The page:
Hardwood floor refinishing is like a facelift; it makes your home look renewed and beautiful. While the cost of refinishing a floor compared to replacing it is usually cheaper, wood floors are unique in that they can be improved by highlighting their natural variations. The character of hardwood floors is a part of the wood’s history. No manufactured product can match it.
Hardwood floor refinishing is a complex process and there are a few main things you need to understand before embarking on the project.
- If you want to restore dirty hardwood floors that have lost their luster, a good deep cleaning is the first step. Your next challenge will be keeping your floor in tip-top shape by sweeping and vacuuming regularly, mopping with concentrated cleaners as often as needed—and perhaps even sanding down rough spots.
- If you’ve tried everything else and your wood floor still seems dull, it can often be revitalized using special products.
- Some hardwood floors need so much work that it’s not worth trying to fix them.
- Anything that is left inside will become encrusted with dust and debris.
- Make sure there is minimal air movement between the painting area and other rooms in your house.
- Make sure all vents, doorways, and electrical outlets that may need to have something placed on them or plugged into them are cleared.
- Before refinishing, thoroughly sweep and mop the floor to remove dirt and debris.
3. Sanding and refinishing can’t make up for gaps.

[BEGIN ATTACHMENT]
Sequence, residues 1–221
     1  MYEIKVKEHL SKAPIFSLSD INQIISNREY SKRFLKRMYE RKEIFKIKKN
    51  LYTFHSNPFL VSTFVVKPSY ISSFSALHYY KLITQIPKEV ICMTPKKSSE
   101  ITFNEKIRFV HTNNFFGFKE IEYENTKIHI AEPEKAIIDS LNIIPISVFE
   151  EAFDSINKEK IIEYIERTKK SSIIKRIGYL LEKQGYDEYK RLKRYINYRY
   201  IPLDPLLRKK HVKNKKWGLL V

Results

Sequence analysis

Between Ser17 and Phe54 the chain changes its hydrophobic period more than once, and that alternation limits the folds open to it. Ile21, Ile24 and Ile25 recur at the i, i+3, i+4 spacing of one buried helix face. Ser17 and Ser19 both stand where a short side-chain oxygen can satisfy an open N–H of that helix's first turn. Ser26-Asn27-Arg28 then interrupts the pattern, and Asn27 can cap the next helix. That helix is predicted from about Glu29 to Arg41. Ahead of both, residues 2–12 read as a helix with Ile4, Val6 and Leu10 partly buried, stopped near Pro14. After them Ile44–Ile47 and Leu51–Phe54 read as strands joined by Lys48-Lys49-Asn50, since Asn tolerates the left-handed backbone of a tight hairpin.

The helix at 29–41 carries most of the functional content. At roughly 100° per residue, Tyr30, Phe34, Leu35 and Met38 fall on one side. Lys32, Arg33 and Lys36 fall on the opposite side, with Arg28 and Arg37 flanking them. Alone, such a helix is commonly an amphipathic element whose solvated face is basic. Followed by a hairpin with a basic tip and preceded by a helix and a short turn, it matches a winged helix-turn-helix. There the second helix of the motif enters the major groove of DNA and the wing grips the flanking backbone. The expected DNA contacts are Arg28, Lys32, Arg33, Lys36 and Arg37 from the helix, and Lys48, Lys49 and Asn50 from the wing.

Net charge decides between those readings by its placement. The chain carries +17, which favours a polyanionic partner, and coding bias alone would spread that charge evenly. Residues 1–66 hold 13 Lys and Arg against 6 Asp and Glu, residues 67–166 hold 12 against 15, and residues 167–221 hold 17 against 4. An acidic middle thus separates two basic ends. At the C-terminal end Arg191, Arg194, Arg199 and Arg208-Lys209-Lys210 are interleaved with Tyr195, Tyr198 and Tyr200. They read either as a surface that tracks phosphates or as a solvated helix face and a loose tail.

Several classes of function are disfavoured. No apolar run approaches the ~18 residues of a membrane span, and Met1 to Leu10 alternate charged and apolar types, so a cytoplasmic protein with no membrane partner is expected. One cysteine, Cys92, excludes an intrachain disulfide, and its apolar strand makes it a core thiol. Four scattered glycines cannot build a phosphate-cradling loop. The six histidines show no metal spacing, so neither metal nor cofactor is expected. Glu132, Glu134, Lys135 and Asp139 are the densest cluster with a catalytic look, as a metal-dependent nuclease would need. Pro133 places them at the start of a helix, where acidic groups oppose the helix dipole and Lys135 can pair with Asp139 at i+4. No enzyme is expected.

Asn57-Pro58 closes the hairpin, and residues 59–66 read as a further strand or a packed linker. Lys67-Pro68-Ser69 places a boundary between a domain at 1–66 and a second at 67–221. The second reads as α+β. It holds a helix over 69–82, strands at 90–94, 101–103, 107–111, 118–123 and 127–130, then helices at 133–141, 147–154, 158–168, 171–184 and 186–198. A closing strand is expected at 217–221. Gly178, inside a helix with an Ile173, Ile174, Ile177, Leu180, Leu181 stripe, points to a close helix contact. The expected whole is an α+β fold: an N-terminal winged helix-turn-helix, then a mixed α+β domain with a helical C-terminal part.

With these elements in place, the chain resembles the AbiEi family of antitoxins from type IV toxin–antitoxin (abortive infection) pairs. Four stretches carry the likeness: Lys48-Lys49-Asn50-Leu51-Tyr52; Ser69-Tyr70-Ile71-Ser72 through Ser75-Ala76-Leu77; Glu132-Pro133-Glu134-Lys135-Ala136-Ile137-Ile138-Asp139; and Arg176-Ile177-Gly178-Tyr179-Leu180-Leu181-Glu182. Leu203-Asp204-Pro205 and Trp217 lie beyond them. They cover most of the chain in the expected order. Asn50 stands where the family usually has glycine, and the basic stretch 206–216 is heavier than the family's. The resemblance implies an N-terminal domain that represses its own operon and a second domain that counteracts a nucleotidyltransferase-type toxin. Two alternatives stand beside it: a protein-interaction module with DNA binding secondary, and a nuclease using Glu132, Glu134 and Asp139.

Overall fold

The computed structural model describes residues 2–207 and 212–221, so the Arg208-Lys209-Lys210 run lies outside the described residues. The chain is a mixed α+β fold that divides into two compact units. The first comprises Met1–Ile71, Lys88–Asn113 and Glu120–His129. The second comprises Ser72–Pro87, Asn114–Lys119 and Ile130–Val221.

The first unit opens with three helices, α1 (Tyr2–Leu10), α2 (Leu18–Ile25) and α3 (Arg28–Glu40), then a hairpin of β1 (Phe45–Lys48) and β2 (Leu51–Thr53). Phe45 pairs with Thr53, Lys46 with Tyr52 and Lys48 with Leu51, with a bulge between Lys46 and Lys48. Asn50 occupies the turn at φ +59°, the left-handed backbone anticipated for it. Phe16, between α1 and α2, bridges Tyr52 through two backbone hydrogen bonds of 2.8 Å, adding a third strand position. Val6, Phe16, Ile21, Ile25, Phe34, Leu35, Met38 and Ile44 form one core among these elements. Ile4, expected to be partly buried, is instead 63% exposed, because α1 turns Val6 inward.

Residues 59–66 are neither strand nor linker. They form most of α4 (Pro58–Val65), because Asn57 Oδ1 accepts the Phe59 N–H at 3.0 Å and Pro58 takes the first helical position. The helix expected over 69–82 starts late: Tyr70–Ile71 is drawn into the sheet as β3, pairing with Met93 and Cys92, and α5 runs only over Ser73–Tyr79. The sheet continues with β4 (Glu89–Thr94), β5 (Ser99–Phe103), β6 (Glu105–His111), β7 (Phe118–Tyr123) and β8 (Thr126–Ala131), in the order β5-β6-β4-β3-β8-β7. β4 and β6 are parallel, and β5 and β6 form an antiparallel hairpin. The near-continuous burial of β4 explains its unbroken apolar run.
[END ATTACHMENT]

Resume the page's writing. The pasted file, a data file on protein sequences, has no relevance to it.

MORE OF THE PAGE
- Refinishing hardwood floors can extend their life many years beyond what might otherwise be expected.
- If floors aren’t sanded first, the stain won’t penetrate past the surface and polyurethane won’t adhere.
- If a floor is damaged, you might have to use a more aggressive sanding tool in order to smooth out the surface.
- Gaps between boards that you notice before the job begins will still be there after it is finished. Some gaps may improve with refinishing, but usually not enough to make a noticeable difference.
- It is also important to know that wood floors may be stained or painted prior to installation, and it’s not possible for you to see what color your floor will actually become until after the finished product has been treated. Still, this should not deter you from getting a hardwood floor—the grain and knots in each board lend texture and interest even if they aren’t visible once polyurethane has been applied.
- After sanding the floors, we will allow dust from the sand to settle on them and vacuum it out before drying microfiber cloths over their surface.
If you want to know more before deciding, contact professionals; they will provide information that should satisfy any person.